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California Wellness Plan, 2014
The California Wellness Plan (Plan) is the result of a statewide process led by CDPH to develop a roadmap with partners to create communities in which people can be healthy, improve the quality of clinical and community care, increase access to usable health information, assure continued public health capacity to achieve health equity, and empower communities to create healthier environments.
CDPH chronic disease and health promotion program staff and statewide partners were involved in the development of this Plan. Through this coordinated effort, CDPH provides a venue to align public health chronic disease prevention and health promotion efforts to ensure the best possible population health outcomes for all Californians. The aim of the Plan is to find common approaches to reduce the burden and impact of chronic disease in California.
California Wellness Plan – Commitment to Action!
Advancing Prevention in the 21st Century, Commitment to Action 2014 (P21)
On February 13 and 14, 2014, the California Department of Public Health (CDPH) hosted a statewide chronic disease prevention meeting, titled Advancing Prevention in the 21st Century, Commitment to Action 2014 (P21) in Sacramento. The meeting was co-sponsored by the California Conference of Local Health Officers (CCLHO), the County Health Executives Association of California (CHEAC), and the CCLHO/CHEAC Chronic Disease Prevention Leadership Project.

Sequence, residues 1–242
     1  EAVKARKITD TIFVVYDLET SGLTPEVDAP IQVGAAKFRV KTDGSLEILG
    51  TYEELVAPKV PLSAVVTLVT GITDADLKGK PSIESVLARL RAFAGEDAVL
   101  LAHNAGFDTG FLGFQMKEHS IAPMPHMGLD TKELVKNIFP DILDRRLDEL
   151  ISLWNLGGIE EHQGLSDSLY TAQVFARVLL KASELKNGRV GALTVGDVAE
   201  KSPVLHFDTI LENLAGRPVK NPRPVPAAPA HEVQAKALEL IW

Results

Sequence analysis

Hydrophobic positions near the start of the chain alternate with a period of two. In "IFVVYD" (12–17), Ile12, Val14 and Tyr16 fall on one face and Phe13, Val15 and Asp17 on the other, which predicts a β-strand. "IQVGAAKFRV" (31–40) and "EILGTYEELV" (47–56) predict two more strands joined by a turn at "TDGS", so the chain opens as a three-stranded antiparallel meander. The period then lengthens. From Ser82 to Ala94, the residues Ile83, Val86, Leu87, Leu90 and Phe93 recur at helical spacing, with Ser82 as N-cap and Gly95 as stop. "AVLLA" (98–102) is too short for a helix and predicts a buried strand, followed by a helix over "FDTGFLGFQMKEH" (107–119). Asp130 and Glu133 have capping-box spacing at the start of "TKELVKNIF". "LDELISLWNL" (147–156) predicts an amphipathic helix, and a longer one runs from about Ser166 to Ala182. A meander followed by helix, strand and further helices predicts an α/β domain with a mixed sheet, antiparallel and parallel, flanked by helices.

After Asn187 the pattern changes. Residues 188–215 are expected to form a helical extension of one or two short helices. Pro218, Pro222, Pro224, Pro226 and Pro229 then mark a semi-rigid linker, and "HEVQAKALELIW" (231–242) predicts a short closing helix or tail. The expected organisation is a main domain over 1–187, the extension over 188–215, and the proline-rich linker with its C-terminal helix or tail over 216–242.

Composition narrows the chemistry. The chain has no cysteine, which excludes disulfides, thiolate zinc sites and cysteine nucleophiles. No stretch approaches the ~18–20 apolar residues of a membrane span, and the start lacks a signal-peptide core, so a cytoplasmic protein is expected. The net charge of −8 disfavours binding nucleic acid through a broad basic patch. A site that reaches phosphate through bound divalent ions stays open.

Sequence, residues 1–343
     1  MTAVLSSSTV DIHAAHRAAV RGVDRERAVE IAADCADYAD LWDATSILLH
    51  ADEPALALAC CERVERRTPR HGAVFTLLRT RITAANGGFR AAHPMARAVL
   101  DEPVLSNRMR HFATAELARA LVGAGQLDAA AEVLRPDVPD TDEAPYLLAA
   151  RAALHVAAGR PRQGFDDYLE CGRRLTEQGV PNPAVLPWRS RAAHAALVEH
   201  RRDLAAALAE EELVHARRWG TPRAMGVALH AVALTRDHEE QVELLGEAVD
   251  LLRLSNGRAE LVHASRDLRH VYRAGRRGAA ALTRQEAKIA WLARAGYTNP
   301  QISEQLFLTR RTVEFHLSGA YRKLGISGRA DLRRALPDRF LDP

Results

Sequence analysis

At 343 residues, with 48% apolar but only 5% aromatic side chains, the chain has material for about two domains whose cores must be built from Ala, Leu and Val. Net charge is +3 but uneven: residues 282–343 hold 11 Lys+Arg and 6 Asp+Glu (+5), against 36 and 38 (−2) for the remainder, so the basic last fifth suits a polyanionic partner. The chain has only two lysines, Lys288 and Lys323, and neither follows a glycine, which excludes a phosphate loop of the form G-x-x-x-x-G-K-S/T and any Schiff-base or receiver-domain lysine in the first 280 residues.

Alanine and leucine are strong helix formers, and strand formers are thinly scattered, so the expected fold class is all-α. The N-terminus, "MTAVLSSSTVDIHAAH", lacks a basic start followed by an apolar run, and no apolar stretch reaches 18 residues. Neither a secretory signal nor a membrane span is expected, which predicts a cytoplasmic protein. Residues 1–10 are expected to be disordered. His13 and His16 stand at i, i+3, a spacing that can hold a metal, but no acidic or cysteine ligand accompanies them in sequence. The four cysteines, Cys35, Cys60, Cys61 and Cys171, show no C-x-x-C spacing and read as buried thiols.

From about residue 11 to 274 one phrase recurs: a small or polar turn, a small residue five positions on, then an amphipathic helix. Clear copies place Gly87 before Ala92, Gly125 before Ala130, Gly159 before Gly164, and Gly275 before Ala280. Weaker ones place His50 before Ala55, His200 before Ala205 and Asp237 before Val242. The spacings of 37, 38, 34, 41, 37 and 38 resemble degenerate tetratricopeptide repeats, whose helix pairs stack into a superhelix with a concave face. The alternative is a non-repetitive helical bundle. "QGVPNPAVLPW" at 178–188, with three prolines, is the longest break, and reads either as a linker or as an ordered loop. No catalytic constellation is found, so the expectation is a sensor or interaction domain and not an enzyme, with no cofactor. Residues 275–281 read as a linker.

The meeting brought together statewide partners from public and private sector organizations to advance shared policy, health system, and health information strategies outlined in the California Wellness Plan. P21 built on the momentum of the 2011-2013 chronic disease prevention partner forums that brought together experts and community partners from multiple organizations and sectors to solicit feedback on the Goals, Strategies and Objectives of the nine year Plan.
As a result of P21 Meeting, there is now an increased capacity to implement chronic disease prevention activities and take advantage of opportunities; and a two-year chronic disease prevention agenda with priority strategies, action steps and resource commitment for each Plan Goal.
To View the P21 Meeting Agenda and Resources, see below.
Roadmap to Prevention
The overarching goal of the California Wellness Plan (Plan) is Equity in Health and Wellbeing, with an emphasis on the elimination of preventable chronic disease. To attain this, the Plan’s Goals were determined by partners through a collaborative statewide process. Statewide partners have proposed Focus Areas listed below around which to align efforts as a means to achieve synergy and greater impact.
P21 Breakout Sessions focused on a specific Goal and the respective Focus Area(s); participants were asked to: (1) Participate in Discussion; (2) Determine and Prioritize Strategies; (3) Develop Action Steps, and; (4) Make Commitments.
Four Goal Areas, Focus Areas and Reference Articles:
GOAL 1: Healthy Communities
Focus Area: Create healthy, safe, built environments that promote active transport, regular daily physical activity, healthy eating and other healthy behaviors, such as by adoption of health considerations into General Plans.
Health In All Policies (PDF)
GOAL 2: Optimal Health Systems Linked with Community Prevention